The Maronite, Greek Melkite, Chaldean, and Ukrainian Greek Catholic Churches account for the majority of Eastern Catholic lineages. However, there are several Eastern Catholic bishops who belong to the Rebiban succession and there are some Roman-rite bishops who belong to the Maronite and Chaldean lineages. 


The line of succession known as la Chaîne Polonaise - la ligne Rangoni (the Rangoni line), formerly known as la Chaîne Polonaise - the Uchanski line - has become part of the Rebiban line. 
A correspondent on the Italian Catholic forum Cattolici Romani alerted me to an article on the consecration of Bishop Claudio Rangoni of Reggio Emilia and Professor Giuseppe Giovanelli, editor of "Memoria Ecclesiae" provided me with a copy of the article.  My thanks to both of them for their kind assistance.

Father Roberto Fornaciari, OSB Cam, is the author of "Notizie sulla Elezione e Consacrazione del Vescovo Claudio Rangone" which was published in the December 13, 2008 issue of "Memoria Ecclesiae", the historical supplement of the Reggio Emilia diocesan weekly newspaper La Libertà.
Thanks to Father Fornaciari`s research, we now know that Bishop Claudio Rangoni of Reggio Emilia was ordained bishop on 10 January 1593 in Rome, in the chapel of the Palazzo, by his uncle Cardinal Girolamo Bernerio, O.P., Bishop of Ascoli, assisted by the Archbishop of Spalato, Giovanni Domenico Malcoto detto Foconio, O.P., and the Bishop of Como, Feliciano Ninguarda, O.P. 
Father Fornaciari has made his study available on the website of the Istituto Superiore di Scienze Religiose "Beato Gregorio X" di Arezzo:

Coming from the ranks of the nobility of Modena, Claudio Rangoni was named Bishop of Reggio Emilia on 16 December 1592 and was Apostolic Nuncio to Poland from 1598 to 1607.  He died on 2 September 1621.
Episcopologists had believed that Wawrzyniec Gembicki, Bishop of Chelmno, had received episcopal ordination in 1601 from the hands of Archbishop Stanislaw Karnkowski of Gniezno and we knew that Archbishop Karnkowski had been ordained Bishop of Wloclawek on 25 January 1568 by Archbishop Jakub Uchanski of Gniezno.  

Thanks to the eminent historian of the Polish episcopate, Dr Krzysztof Rafal Prokop, we found that Bishop Wawrzyniec Gembicki was not consecrated by Archbishop Karnkowski, but by Bishop Claudio Rangoni, Bishop of Reggio Emilia and Apostolic Nuncio to Poland, on Laetare Sunday, the first of April 1601.

Dr. Prokop gives a detailed account in his recently published Stan badan nad problematyka sakr biskupich XVI- i XVII-wiecznych metropolitów gnieznienskich, Studia Gnesnensia XXIII (2009) 315-316.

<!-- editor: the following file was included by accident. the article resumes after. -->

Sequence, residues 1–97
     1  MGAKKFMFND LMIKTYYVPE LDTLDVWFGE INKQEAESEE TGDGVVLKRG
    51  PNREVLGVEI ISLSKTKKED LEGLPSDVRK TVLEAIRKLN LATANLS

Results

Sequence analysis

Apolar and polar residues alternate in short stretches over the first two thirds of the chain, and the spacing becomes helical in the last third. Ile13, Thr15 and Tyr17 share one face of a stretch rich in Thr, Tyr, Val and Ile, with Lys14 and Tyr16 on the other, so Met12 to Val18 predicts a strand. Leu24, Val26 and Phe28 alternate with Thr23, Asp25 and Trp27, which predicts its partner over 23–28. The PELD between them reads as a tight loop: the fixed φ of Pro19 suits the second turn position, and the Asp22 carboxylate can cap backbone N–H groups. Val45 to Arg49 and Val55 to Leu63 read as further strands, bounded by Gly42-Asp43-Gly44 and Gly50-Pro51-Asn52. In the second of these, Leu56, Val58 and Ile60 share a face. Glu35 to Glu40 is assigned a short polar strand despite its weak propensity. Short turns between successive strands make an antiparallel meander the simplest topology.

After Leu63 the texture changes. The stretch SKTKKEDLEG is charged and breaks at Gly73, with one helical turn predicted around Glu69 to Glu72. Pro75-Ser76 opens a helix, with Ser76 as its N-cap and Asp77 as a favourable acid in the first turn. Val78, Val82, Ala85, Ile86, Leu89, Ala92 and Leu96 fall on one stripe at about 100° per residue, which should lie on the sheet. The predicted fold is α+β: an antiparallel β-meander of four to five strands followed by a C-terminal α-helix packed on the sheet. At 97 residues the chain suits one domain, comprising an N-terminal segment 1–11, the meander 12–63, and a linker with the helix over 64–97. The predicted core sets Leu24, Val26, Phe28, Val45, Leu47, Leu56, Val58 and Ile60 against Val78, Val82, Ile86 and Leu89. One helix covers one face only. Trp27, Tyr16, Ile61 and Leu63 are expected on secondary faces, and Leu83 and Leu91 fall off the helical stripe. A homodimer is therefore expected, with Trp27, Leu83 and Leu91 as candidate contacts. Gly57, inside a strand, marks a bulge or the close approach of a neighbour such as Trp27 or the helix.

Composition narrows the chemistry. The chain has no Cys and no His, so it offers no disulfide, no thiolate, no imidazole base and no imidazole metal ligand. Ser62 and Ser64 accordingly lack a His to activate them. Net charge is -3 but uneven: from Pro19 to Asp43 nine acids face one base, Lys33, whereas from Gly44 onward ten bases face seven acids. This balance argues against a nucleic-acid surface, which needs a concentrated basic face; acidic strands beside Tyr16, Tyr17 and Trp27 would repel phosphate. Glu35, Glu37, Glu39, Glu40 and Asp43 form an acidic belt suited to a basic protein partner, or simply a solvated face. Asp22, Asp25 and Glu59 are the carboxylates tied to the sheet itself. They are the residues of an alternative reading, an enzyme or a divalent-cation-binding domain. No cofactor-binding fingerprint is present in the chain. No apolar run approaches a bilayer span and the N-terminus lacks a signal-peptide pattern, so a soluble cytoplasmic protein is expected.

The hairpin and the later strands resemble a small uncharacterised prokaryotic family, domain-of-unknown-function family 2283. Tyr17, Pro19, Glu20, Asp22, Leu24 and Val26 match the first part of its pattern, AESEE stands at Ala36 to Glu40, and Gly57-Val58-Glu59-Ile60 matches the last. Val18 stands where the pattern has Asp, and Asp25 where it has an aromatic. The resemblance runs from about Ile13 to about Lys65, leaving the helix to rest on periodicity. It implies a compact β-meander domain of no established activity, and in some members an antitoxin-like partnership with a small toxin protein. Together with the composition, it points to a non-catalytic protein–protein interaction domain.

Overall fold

Interestingly, there was another bishop by the same name, also from the nobility of Modena, who was a contemporary of this bishop of Reggio Emilia. The second Claudio Rangoni was named Bishop of Piacenza on 2 December 1596 and died on 15 September 1619. 

I wish to express my congratulations to Father Fornaciari on the publication of his article.  Likewise, I wish to express my sincere thanks to Father Fornaciari for his diligent research which has provided us with the details of the episcopal ordination of Bishop Claudio Rangoni of Reggio Emilia.

At the same time, my sincere thanks to Dr Krzysztof Rafal Prokop for his diligent research which revealed that Bishop Wawrzyniec Gembicki was consecrated by Bishop Rangoni and for his other excellent research on the Polish episcopate.  I cannot fail to thank two others who are responsible for the research on the line of succession from Pope Pius XI back to the Polish bishops in the seventeenth century:  Hofrat Dr. Manfred Dieter Kierein of Vienna, Austria, and Brother Josef Grünstäudl, S.M., of Tragwein, Austria.


The little known Balkan-Ukrainian-Ruthenian line came to an end on December 6, 2008 with the death of Bishop Ivan Semedi, Bishop emeritus of Mukachevo.  This line has been traced back to Archbishop Athanasius of Achrida who made a profession of faith around the year 1660.  He ordained Archbishop Onofrio Costantini of Derbe in 1665 and this line of succession was passed on first to bishops of Italo-Albanian origin who ministered in the Balkans, eventually counting several bishops of the Eparchies of Presov, Hajdudorog, and Mukachevo, including Blessed Theodore Romzha, the martyred Apostolic Administrator of Mukachevo, and several clandestinely ordained bishops, among them Bishop Semedi.